Rarely in recent memory has a novel so captivated me—even hooked me—as Abraham Verghese’s Cutting for Stone. I knew the book was getting to me when I began to violate my almost stereotypical routine for reading novels. Normally, I read a novel, each day, seriatim, for thirty minutes on the stationary bike. Unusually, if ever, do I break this pattern to pursue the novel at other times. Even novels that I have much enjoyed, like Colm Toibin’s Brooklyn and Doris Lessing’s The Sweetest Dream, never really enticed me to interrupt this daily ritual. But Cutting for Stone lured me to read it into the solitary depths of the night, so enamored was I by its story and characters. I also can count on one hand the times I have literally cried over the death of a beloved character in a novel. Cutting for Stone brought tears to my eyes at the death of Dr. Abhi Ghosh, the beloved, wise and humane foster-father of the novel’s main narrator.
Perhaps, it is a bit much, as Simon Schama does in his review of the novel in The Financial Times, to compare Verghese to Tolstoy (although Schama hardly thought it stretching too much to do so). Yet in his review for The Sunday Telegraph, Richard Eyre ups the ante by saying: “if comparisons with another writer have to be made, its blend of intensely realized detail, adventure, myth, wit, drama and poetry reminded me of Shakespeare.”
The novel recounts the life and the coming of age as a surgeon of Marion Stone, the narrator. He was born, in unusual, even scandalous, circumstances, as a breech birth to a Carmelite Indian nursing nun and a British physician father. Conjoined at the head, in birth, with an identical twin brother (Shiva), Marion and Shiva are lovingly raised by two surrogate parents, Hema and Ghosh, both Indian doctors working in a Catholic hospital in Addis Ababa. The hospital is called “Missing,” representing a typical Ethiopian hissing mispronunciation of “mission.” The novel also involves a missing father, Thomas Stone, who bolts in shame and consternation at the death of the nun, Sister Mary Joseph Praise. At the time of the twins’ birth, Stone appears, surprisingly, unaware that he is their father and that, in a reckless, if partially unconscious, act during his own convalescence from a mental breakdown, he has perpetrated what eventually caused the ultimate death of the lovely nursing nun.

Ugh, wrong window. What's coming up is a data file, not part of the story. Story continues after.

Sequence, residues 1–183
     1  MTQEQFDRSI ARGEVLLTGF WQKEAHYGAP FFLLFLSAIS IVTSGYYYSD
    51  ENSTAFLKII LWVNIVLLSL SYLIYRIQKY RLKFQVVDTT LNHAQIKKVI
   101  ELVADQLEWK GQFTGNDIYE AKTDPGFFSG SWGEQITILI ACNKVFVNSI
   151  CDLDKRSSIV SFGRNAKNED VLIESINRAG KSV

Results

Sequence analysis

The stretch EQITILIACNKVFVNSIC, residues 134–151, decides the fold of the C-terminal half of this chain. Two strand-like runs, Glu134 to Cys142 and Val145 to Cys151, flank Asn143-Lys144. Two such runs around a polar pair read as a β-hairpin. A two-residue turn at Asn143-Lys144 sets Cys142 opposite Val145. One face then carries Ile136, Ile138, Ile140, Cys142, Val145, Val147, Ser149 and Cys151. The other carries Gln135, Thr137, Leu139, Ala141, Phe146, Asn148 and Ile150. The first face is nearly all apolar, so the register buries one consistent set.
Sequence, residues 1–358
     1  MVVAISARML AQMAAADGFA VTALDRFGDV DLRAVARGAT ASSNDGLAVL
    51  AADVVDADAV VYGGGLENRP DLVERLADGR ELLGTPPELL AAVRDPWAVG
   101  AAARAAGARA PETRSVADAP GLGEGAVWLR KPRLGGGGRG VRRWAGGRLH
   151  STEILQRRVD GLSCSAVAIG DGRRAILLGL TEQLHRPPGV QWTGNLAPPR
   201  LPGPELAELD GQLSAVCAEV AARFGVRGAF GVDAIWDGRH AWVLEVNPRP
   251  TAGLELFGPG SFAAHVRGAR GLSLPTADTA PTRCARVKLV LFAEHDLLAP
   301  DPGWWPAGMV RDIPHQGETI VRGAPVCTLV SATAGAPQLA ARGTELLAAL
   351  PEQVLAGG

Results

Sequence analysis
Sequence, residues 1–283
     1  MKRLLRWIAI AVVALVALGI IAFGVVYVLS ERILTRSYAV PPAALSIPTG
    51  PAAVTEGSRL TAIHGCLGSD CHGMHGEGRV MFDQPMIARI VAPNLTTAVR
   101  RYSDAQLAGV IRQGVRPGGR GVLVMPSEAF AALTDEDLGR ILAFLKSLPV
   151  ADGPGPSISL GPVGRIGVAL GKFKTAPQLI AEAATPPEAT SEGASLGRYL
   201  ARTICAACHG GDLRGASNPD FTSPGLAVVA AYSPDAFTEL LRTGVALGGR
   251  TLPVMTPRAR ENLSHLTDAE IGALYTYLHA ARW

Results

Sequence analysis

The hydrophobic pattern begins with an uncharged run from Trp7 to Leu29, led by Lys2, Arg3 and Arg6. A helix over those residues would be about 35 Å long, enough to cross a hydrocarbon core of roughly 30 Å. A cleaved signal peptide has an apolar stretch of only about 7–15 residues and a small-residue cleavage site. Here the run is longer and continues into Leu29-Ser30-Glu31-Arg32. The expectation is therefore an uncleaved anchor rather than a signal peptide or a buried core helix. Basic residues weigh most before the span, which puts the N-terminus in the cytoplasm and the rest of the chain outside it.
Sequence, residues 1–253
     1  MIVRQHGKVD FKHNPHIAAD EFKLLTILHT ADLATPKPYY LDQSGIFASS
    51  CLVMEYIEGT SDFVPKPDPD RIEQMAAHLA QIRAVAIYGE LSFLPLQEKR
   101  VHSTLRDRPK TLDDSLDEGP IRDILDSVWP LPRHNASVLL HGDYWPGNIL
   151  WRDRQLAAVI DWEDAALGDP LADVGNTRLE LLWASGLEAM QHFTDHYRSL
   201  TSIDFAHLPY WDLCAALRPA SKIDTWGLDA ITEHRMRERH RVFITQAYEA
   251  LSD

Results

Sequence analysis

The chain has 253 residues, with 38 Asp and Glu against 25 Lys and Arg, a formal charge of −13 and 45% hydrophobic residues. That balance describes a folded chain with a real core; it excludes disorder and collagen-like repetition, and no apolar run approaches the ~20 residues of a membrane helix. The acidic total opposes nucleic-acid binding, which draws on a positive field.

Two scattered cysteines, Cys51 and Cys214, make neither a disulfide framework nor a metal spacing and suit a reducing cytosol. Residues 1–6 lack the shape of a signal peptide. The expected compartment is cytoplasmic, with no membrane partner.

The novel is also a story of place. We catch glimpses of India (Madras) where the main characters originate before migrating to Missing Hospital. I have never been to Ethiopia but Addis Ababa is vividly portrayed: its souks, markets, geography, sounds and people. Set first in 1954 (the date of the birth of the twins), the novel—best described as a wondrously sprawling saga—carries on to the fall of Haile Selassee and the rise of General Mengistu’s military dictatorship and its eventual overthrow. Later the novel shifts us to the South Bronx where Marion Stone takes up a residency in another Catholic hospital in the middle of a poor neighborhood, rife with crime and guns. As Verghese has elsewhere noted, such poor hospitals in America have typically depended on imported foreign doctors for their sustenance.
The novel teems with interesting characters. Matron Hirst, the nun who runs Missing hospital, is sensible, jovial and humane—in the very best sense a matron. Gebrew, an illiterate handyman and guard at the hospital, is also a pious priest of the Ethiopian church. Rosina and Almaz watch over the twins as nannies. Tsige, a bar girl who works near Missing, ultimately reinvents and saves herself in America where Marion, fatefully, re-encounters her. Genet, Rosina’s daughter and the great love of Marion’s life, eventually becomes a rebel against the Mengistu regime, endangering Marion’s life as her known close friend.